Greyhound industry shaken and needs to go

New Zealand is one of only eight countries in the world that allows commercial greyhound racing. New developments this month has shown it is time New Zealand ended the use of dogs in races for gambling, for good. First evidence claiming live baiting came to light, and a report by the New Zealand Racing Board was released that highlighted the welfare failings of the greyhound industry.

The SPCA are currently investigating one of New Zealand’s biggest earning trainers for live baiting. Live baiting is when greyhound trainers use live animals as lures, then allow the dogs to kill the animals when they catch them. This is a drawn out, and painful death, for the bait animal. The dogs are also harmed as they are taught to chase and kill live animals, making them potentially unsuitable to rehoming.

The investigation came following photos alleged to show live baiting being carried out, and previous employees of the trainer have also backed the claims of live baiting. Evidence of live baiting in Australia in 2015 shook the industry there and lead to a ban being introduced in the ACT, and a range of restrictions coming in in other states.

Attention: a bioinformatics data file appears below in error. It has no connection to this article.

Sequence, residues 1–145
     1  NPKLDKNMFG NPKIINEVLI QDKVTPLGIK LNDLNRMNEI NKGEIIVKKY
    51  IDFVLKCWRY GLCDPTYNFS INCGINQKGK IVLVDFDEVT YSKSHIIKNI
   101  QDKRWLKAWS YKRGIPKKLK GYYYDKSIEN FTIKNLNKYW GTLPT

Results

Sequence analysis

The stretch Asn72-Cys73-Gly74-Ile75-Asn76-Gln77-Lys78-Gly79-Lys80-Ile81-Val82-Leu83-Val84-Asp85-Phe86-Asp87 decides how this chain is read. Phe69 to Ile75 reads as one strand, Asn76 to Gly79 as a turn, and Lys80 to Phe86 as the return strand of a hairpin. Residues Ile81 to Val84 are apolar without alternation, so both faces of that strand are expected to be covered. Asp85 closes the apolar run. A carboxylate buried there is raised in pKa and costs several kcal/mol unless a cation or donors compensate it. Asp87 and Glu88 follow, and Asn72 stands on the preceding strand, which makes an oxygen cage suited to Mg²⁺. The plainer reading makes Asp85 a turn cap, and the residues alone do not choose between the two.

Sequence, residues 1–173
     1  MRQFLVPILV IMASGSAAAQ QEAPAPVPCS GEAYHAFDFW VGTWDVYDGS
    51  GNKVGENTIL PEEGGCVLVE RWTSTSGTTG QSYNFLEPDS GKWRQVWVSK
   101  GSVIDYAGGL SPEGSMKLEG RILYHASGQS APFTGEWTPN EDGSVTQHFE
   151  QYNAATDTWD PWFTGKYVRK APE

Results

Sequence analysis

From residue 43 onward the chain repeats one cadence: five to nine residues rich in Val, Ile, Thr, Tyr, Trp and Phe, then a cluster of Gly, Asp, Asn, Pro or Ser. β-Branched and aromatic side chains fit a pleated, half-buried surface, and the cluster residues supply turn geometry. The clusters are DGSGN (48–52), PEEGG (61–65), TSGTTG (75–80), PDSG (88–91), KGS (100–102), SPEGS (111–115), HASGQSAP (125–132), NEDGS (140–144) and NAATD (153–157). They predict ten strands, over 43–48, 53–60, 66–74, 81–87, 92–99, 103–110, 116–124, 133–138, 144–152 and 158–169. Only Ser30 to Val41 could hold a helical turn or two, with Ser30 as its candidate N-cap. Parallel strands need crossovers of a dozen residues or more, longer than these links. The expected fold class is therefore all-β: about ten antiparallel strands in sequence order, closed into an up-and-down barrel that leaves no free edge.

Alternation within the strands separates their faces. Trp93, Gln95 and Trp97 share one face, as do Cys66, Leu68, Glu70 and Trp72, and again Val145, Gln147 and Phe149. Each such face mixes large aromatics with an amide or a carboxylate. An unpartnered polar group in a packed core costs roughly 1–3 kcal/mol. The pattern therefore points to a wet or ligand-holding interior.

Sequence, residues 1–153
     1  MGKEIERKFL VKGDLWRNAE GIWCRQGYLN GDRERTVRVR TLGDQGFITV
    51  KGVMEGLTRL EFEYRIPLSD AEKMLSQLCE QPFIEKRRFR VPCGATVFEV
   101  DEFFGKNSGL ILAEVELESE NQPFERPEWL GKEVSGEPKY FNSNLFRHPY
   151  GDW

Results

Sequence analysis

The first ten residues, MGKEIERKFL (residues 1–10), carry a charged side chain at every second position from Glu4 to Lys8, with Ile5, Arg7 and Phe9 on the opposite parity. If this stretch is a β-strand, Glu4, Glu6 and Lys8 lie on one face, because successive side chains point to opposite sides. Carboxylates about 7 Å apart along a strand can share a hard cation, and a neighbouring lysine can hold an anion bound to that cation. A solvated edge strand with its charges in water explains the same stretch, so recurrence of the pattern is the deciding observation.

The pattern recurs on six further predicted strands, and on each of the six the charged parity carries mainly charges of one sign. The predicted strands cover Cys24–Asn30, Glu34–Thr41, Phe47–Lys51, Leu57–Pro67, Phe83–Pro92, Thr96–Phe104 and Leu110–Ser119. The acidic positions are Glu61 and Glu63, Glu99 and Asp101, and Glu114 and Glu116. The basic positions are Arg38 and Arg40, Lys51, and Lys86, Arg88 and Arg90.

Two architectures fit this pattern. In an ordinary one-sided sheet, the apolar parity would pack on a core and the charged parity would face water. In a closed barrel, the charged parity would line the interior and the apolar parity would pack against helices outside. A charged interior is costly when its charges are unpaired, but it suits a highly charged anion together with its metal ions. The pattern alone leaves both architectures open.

In 2016 the New Zealand Racing Board asked former High Court judge, the Honourable Rodney Hansen CNZM QC, to investigate and report on welfare issues in greyhound racing. The 93 page long report was described by Racing Minister Winston Peters as “disturbing and deeply disappointing” in the range of issues it brought to light.

The report highlights that large numbers of dogs are killed following injuries and for not being able to race fast enough. With only small token numbers of retired dogs rehomed and some trainers allegedly using live animals when training, the list of reasons why greyhound racing needs to end is long. The dogs are suffering, and dying well before there time, all for profit and entertainment.

New Zealand is falling behind and our Government needs to take action. It’s time to end the racing and killing of greyhounds.

Take action